Description of Historic Place
The building at 3428 Portage Road North, known as Old St. John's Anglican Church, is situated in the former community of Stamford, now in the City of Niagara Falls. The small roughcast masonry church was designed in the vernacular Gothic Revival style and was built between 1825-26.
The exterior and interior of the church as well as the aesthetic and scenic condition and quality of the property are protected by an Ontario Heritage Trust conservation easement (1986). In 1968, the Church was commemorated by a provincial plaque. The property is also designated by the City of Niagara Falls under Part IV of the Ontario Heritage Act (By-law 78-24).
Located on the east side of Portage Road between Chippewa and Queenston the church faces the former public commons (now a park) known as Stamford Green. The historic St. John's cemetery, the parish's burial ground, is located to the north and west of Old St. John's.
Old St. John's Church is significant for its association with the development of Anglicanism in Niagara. It is the oldest church in the region and one of the oldest Anglican churches in Ontario. The property is associated with a number of significant individuals including Napoleonic War veteran Captain Robert H. Dee, who, in 1820, donated the land on which St. John's was built. The construction of this church was also supported by the personal initiative and patronage of Sir Peregrine Maitland (1777-1854), Lieutenant-Governor of Upper Canada (1818-1828). Maitland had a 400-acre summer estate nearby, known as Stamford Park and was a strong supporter of the Anglican Church. Other members of the establishment, including John Beverley Robinson, Attorney General of Upper Canada, contributed to the building costs of this church. Construction started in 1825 and the building was consecrated by the Rt. Rev. Charles J. Stewart, Bishop of Quebec in 1828. The first priest was Rev. William Leeming (1787-1863), Rector of Chippewa, and an active missionary in the area. St. John's separated from All Saints Church (Chippewa) in 1857 to form its own parish. St. John's Church remained in religious use until a new St. John's church was constructed, in 1957, on an adjacent lot. Old St. John's was deconsecrated in 1962. At this time most of the church's interior furnishings were removed to Upper Canada Village. The building was acquired by the Old St. John's Stamford Heritage Association and is now used as a columbarium.
Old St. John's Church is significant as one of the earliest remaining examples of the vernacular Gothic Revival style in Ontario. This informal style was expressed through simple buildings modestly adorned with Gothic inspired decorative features. Vernacular Gothic Revival churches were not typically designed by architects, but were usually expressions of frontier building traditions and locally available materials. St. John's is a small stone building with a roughcast (stucco) exterior. There is a three-sided apse at its east end and a small, one-storey enclosed gabled porch projecting from the westerly gable end. The use of roughcast as an exterior finish was common at this time as it both protected the randomly coursed masonry from the elements and produced a clean and smooth surface that was easy to maintain. A square-frame tower with louvered pointed arch openings is located at the western gable end. The side walls consist of three equal bays accentuated by three small pointed-arch windows with intersecting Gothic-style wood tracery. The front elevation has eave returns, two tall pointed arch windows flanking the porch and a smaller pointed arch window above the porch ridge. A date stone inscribed “1825” is located in the western gable end. The building generally retains its historic character, but has been altered on a number of occasions including: 1845 (bell installed), 1866 (bell tower repaired and shortened to current form), 1876 (roof replaced). In the mid 19th century, the porch was added to the front of the church obscuring the original entrance and altering the façade proportions. Three simple buttresses were added to the building when a bulge appeared in the rear wall in the mid 19th century.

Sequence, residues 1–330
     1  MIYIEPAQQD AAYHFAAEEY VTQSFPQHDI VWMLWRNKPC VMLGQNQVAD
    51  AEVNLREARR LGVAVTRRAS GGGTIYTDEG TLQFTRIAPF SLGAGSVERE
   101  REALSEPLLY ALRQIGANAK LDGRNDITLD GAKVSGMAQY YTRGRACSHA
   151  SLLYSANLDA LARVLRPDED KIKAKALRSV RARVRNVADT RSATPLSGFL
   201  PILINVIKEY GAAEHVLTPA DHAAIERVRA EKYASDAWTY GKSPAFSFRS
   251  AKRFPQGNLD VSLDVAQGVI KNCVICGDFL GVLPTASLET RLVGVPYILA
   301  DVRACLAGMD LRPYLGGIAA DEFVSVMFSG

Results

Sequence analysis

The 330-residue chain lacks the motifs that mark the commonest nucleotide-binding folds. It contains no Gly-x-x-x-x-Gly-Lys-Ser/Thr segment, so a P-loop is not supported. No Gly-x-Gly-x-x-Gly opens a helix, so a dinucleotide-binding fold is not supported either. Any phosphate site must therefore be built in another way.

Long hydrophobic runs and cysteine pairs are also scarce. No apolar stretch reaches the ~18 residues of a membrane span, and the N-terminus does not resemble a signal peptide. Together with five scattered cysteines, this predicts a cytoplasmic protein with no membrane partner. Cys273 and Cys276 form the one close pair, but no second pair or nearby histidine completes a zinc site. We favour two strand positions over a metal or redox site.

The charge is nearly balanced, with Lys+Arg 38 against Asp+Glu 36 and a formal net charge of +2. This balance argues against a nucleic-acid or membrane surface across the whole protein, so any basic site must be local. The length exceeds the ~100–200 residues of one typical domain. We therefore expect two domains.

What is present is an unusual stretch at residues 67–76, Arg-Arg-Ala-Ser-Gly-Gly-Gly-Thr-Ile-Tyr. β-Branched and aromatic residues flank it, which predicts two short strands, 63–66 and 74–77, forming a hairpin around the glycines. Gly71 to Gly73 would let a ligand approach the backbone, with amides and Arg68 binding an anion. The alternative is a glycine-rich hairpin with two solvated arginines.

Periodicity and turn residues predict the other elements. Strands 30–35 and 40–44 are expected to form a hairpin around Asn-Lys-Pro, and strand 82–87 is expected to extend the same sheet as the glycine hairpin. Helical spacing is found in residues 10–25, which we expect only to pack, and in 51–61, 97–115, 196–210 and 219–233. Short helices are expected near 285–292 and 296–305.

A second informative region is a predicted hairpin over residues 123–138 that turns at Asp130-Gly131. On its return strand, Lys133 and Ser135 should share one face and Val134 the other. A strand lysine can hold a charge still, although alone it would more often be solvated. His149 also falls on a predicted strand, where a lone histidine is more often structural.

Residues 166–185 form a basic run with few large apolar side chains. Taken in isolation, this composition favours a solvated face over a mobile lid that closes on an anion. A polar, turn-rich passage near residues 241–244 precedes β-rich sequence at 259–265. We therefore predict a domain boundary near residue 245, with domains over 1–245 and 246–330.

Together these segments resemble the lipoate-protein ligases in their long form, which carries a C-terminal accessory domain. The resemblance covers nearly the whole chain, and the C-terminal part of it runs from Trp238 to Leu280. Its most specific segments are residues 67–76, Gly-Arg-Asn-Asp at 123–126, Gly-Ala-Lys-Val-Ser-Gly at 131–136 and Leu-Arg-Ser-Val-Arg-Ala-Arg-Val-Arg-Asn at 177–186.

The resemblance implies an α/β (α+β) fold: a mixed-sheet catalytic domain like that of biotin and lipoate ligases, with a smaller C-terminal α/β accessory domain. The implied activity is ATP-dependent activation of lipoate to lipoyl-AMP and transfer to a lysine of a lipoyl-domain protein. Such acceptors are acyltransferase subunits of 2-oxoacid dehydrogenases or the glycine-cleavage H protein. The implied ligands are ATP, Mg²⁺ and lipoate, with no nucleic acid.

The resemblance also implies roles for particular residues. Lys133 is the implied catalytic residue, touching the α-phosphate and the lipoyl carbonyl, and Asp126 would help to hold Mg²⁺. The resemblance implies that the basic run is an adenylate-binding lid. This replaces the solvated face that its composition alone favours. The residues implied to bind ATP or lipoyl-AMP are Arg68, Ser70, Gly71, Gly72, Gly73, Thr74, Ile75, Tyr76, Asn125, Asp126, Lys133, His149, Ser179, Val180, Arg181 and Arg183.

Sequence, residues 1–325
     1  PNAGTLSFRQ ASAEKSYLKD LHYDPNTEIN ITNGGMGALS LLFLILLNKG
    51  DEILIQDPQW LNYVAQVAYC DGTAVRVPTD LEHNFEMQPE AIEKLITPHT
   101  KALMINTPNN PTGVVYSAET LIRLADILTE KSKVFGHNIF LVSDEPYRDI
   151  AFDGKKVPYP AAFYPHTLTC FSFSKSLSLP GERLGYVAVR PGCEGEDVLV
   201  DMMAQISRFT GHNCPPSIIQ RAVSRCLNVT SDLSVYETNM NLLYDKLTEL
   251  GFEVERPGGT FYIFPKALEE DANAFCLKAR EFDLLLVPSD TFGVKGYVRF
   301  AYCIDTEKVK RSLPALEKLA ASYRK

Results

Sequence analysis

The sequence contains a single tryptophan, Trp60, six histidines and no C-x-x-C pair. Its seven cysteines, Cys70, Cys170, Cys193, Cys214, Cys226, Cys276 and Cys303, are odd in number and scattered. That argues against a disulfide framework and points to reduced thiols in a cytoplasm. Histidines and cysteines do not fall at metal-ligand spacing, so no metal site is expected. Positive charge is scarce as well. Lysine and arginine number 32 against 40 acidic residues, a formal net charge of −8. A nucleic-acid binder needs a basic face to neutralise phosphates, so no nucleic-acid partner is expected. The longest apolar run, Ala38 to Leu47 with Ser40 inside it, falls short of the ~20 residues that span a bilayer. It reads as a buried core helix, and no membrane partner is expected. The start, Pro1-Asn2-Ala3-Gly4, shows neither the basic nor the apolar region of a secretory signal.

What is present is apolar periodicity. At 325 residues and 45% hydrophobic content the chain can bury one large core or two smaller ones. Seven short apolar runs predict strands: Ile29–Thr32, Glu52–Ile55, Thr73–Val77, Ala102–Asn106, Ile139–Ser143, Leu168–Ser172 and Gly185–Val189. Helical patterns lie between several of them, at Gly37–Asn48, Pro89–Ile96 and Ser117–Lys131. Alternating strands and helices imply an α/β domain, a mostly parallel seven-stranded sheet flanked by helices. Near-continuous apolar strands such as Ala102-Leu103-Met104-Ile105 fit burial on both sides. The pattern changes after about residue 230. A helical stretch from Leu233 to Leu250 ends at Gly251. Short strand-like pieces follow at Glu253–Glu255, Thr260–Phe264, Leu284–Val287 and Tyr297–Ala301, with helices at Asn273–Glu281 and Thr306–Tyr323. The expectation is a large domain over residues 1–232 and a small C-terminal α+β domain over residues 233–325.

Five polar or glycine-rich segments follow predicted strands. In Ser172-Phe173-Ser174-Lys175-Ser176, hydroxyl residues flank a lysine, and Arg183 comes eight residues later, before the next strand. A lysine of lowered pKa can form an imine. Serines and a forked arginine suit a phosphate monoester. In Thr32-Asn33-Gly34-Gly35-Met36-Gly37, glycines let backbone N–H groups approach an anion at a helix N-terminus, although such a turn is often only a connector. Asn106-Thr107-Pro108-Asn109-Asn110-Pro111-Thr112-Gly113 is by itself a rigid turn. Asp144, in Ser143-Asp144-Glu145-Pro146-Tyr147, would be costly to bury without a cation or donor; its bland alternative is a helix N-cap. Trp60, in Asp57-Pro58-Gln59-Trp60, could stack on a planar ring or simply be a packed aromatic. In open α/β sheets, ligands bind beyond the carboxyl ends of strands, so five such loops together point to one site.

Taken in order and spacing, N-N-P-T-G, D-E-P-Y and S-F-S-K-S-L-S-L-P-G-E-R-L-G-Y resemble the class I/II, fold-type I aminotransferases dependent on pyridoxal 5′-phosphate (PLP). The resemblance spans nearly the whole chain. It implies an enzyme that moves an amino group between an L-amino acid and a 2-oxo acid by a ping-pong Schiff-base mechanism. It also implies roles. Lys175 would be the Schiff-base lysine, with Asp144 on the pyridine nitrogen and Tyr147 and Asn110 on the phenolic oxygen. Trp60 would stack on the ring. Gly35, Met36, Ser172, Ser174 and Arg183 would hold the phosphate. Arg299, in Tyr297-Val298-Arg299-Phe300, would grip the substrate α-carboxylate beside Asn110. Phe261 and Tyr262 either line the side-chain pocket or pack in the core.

The interior of the church has been stripped of most of its original wood finishes and the furnishings are now austere but retain the essential plan, with elements such as the gallery, exposed timber roof framing, wood stairs, wood floors, wood window trim, plastered walls and plaster ceiling. Remnants of historic stencilling have been found under the layers of recent paint.
Source: OHT Easement Files.
Character defining elements that contribute to the heritage value of the Old St. John's Anglican Church include its:
- small bell tower with Gothic inspired details including: double vents on four sides, metal finials and cross and metal roof cladding
- gable roof and hip roof of the apse
- relatively small pointed-arch window openings in the side walls that feature 6x4 pane wood lower sashes with 6x3 pane and tracery upper sashes
- intersecting style vernacular Gothic wood tracery
- rough cast stucco finish on the exterior walls
- thick rubble masonry walls approximately 0.60 m thick
- three simple buttresses on the southeast end
- simple and symmetrical floor plan
- clear span interior space of the main hall
- modest gallery at west end of the church
- historic plaster walls and ceiling with 19th century stencilling obscured under recent layers of paint
- broad pine floor boards
- timber roof framing
- wood window sills, reveals, doors and door surrounds
- wood stairs that provide access to the gallery
- proximity of the park (former commons) on the west side of Portage Road
- Anglican cemetery located on three sides of the church that remains in use